• In almost all [of Shakespeare’s] tragic heroes we observe a marked one-sidedness, a predisposition in some particular direction, a total incapacity, in certain circumstances, of resisting the force which draws in this direction; a fatal tendency to identify the whole being with one interest, object, passion, or habit of mind. This it would seem, is, for Shakespeare, the fundamental tragic trait… It is a fatal gift, but it comes with it a touch of greatness, and when there is joined to it nobility of mind, or genius, or immense force, we realize the full power and reach of the soul and the conflict in which it engages acquires that magnitude which stirs not only sympathy and pity, but admiration, terror, and awe.[5]
  • The central feeling [in a Shakespearean tragedy] is one of waste.[6]
  • [At the end of a Shakespearean tragedy] we remain confronted with a world travailing for perfection, but bringing to birth, together with glorious good, evil which it is able to overcome or by self-torture and self-waste. And this fact or appearance is tragedy.[7]
    — A. C. Bradley, The Substance of Shakespearean Tragedy
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In the sense of having been initiated by the hero himself, the tale always reveals what has been called his “tragic flaw,” a failing that is not peculiar to grand or elevated characters. Nor is it necessarily a weakness. The flaw, or crack in the character, is really nothing—and need be nothing—but his inherent unwillingness to remain passive in the face of what he conceives to be a challenge to his dignity, his image of his rightful status. Only the passive, only those who accept their lot without active retaliation, are “flawless.” Most of us are in that category.[8]

— Arthur Miller, “Tragedy and the Common Man”
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Thus the equilibrium of tragedy consists in a balancing of Terror with Pride. On the one hand, we are impelled to withdraw from the spectacle, to try to forget the revelation of evil methodized; on the other, we are aroused to withstand destiny, to strive to meet it with the fortitude and the clear eyes of the tragic figure. This feeling of Pride comes into full existence when the hero knows his fate and contemplates it: it is essentially distinct from the hubris which he may display, but which we cannot share in, before his eyes are opened.[9]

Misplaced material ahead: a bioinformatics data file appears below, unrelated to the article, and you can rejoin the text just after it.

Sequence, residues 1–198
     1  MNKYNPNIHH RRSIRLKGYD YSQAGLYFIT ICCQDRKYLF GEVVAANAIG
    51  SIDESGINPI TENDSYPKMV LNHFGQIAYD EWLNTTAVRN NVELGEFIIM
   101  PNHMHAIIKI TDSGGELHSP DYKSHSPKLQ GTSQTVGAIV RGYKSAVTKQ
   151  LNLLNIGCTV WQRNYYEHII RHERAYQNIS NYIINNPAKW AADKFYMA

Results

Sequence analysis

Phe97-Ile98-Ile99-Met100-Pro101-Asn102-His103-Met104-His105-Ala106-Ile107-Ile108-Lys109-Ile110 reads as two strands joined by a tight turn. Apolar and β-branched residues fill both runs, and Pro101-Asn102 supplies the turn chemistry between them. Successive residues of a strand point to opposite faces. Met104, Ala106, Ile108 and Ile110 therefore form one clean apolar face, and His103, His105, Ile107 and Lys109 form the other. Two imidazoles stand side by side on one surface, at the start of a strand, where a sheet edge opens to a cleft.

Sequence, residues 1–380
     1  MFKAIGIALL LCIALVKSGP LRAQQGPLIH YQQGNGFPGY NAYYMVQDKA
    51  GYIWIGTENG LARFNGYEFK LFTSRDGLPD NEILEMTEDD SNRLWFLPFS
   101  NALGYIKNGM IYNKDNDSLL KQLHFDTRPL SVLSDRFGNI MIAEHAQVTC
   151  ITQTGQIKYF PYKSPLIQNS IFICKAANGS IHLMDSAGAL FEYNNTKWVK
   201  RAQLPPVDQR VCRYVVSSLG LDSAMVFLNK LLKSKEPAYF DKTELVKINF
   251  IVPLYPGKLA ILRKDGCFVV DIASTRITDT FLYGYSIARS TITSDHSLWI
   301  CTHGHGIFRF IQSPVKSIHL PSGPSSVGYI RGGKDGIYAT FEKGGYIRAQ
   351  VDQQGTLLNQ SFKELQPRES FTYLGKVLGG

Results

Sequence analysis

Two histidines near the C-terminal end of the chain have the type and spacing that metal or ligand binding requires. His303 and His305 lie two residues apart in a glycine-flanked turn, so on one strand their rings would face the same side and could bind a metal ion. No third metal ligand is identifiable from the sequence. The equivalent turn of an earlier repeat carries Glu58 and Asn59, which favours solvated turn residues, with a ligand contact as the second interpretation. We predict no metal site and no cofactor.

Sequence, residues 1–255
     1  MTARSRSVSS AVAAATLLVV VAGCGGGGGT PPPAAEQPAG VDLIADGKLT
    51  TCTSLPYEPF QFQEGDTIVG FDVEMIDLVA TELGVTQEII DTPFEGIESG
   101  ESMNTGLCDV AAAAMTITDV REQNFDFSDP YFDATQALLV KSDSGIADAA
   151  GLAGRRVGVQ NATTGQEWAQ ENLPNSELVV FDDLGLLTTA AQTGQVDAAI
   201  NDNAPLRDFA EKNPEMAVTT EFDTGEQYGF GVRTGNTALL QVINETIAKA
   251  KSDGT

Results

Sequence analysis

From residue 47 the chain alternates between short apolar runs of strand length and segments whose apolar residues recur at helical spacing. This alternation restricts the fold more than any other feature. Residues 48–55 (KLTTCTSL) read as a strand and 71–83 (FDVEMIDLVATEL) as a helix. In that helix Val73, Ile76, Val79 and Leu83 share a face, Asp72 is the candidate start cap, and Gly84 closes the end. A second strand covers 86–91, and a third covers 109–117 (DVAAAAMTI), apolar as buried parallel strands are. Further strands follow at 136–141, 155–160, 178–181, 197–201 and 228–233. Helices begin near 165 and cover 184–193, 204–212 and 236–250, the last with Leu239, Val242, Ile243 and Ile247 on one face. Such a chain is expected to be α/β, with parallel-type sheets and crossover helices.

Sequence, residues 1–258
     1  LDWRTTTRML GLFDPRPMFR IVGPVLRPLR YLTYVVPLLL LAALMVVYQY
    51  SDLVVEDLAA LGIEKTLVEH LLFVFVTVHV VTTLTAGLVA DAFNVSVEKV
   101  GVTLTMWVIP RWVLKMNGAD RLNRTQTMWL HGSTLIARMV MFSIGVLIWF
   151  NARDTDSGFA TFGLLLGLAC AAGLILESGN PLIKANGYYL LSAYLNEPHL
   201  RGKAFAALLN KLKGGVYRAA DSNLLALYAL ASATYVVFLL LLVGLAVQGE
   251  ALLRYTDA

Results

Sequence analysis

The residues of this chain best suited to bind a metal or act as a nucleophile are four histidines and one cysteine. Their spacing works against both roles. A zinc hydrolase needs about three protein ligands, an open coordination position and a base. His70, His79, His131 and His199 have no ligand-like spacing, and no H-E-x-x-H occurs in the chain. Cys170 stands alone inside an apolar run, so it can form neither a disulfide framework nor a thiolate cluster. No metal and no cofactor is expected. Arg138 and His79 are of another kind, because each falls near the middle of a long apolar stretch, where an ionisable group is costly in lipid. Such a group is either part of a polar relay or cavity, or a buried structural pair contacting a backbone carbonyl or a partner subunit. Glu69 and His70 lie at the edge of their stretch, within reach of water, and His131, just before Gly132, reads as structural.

— Clifford Leech, “The Implications of Tragedy”
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Suffering beyond solace, beyond any moral palliation, and suffering because of human greatness which is great because [it is] great in passion: that, above everything else, is central to Shakespeare’s conception of tragedy.[10] . . . But this is not the whole picture. Not only is the vulnerability to fortune of human distinction Shakespeare’s theme; its special liability to intense suffering and destruction. He also emphasizes the precariousness of its very quality of greatness.[11]

— A. P. Rossiter, “Shakespearean Tragedy”
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Courage and inevitable defeat: when we confront the great literature of tragedy from our everyday world, it is perhaps these two qualities that strike us most forcible, for the first in any society is rare and the second is a prospect most men find intolerable. Without courage or endurance, the exceptional action or commitment which characterize tragedy would not be undertaken or sustained; without defeat, it would not be placed in the perspective of the ordinary world. … Courage without an overpowering challenge can be mere bravado or foolishness (and thus comic). Defeat without a great attempt can be mere pathos.[12]